This Edmonton house belonging to former Syncrude president Jim Carter was destroyed by a fire that police said was deliberately set on Saturday night. ((CBC))

The fire that destroyed the home of a former oilsands company executive on Saturday night was caused by Molotov cocktails, Edmonton police said Monday.

Nobody was in the home owned by former Syncrude president and chief operating officer Jim Carter, who retired in 2007.

"I just wanted to say that my wife and I are very deeply saddened by the loss of our home and our personal possessions," Carter said Monday. 

"We are grateful that we were spared any injury in this incident and that nobody was hurt fighting the fire and putting it out."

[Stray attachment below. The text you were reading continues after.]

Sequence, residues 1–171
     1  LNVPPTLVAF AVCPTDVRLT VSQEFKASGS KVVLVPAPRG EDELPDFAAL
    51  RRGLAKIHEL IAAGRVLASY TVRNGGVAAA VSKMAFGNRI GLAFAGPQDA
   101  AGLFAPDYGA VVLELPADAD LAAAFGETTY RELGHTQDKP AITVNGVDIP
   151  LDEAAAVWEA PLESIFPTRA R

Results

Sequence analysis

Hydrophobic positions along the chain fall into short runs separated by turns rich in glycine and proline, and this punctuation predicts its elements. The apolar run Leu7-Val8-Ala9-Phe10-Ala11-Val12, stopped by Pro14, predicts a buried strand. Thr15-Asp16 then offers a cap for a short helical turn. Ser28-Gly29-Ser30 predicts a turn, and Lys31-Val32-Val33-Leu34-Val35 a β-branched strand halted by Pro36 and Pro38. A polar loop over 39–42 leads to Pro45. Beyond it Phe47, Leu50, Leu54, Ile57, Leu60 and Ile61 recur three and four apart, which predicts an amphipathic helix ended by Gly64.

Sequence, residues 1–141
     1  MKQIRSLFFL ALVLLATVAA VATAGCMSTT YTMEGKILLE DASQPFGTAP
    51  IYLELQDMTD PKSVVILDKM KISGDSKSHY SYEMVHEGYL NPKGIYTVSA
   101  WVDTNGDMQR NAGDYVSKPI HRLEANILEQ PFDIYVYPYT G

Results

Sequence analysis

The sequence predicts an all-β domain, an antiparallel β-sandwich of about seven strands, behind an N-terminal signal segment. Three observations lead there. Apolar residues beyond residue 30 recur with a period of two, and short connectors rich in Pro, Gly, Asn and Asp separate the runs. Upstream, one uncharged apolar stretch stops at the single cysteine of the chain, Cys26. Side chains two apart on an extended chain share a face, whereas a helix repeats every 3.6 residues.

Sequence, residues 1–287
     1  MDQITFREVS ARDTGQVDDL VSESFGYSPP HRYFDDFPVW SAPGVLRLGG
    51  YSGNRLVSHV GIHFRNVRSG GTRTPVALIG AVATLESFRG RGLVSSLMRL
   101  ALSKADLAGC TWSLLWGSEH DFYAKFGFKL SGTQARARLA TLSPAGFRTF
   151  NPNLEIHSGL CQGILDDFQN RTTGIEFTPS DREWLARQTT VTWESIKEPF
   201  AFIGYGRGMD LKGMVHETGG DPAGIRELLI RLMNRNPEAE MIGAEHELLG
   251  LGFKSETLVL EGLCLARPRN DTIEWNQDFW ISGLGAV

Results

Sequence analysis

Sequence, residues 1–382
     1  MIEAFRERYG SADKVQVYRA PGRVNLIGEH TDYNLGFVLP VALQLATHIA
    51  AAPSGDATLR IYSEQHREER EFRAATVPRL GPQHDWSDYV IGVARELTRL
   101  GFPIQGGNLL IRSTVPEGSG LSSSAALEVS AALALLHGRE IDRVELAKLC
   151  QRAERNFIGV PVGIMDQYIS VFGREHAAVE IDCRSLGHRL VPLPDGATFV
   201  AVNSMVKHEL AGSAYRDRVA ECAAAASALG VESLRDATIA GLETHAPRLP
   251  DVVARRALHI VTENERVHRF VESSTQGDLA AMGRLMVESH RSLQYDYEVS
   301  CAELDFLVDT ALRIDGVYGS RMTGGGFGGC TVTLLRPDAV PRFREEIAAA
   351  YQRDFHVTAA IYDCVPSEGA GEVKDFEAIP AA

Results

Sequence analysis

Carter spoke to reporters briefly after touring the charred remains of the house.


Former Syncrude president and CEO Jim Carter speaks to reporters Monday near the charred remains of his Edmonton home. ((CBC))

A witness reported seeing four youths running from the area at the time the fire broke out, police said.

No motive has been determined for the attack, but there is no indication that the house was targeted by environmental extremists, said police spokesperson Patrycia Thenu.

"That will come out in the investigation. Right now that hasn't been confirmed at all," she said.

Damage is estimated at $850,000.

Molotov cocktails are improvised firebombs made by filling bottles with gasoline and setting them alight.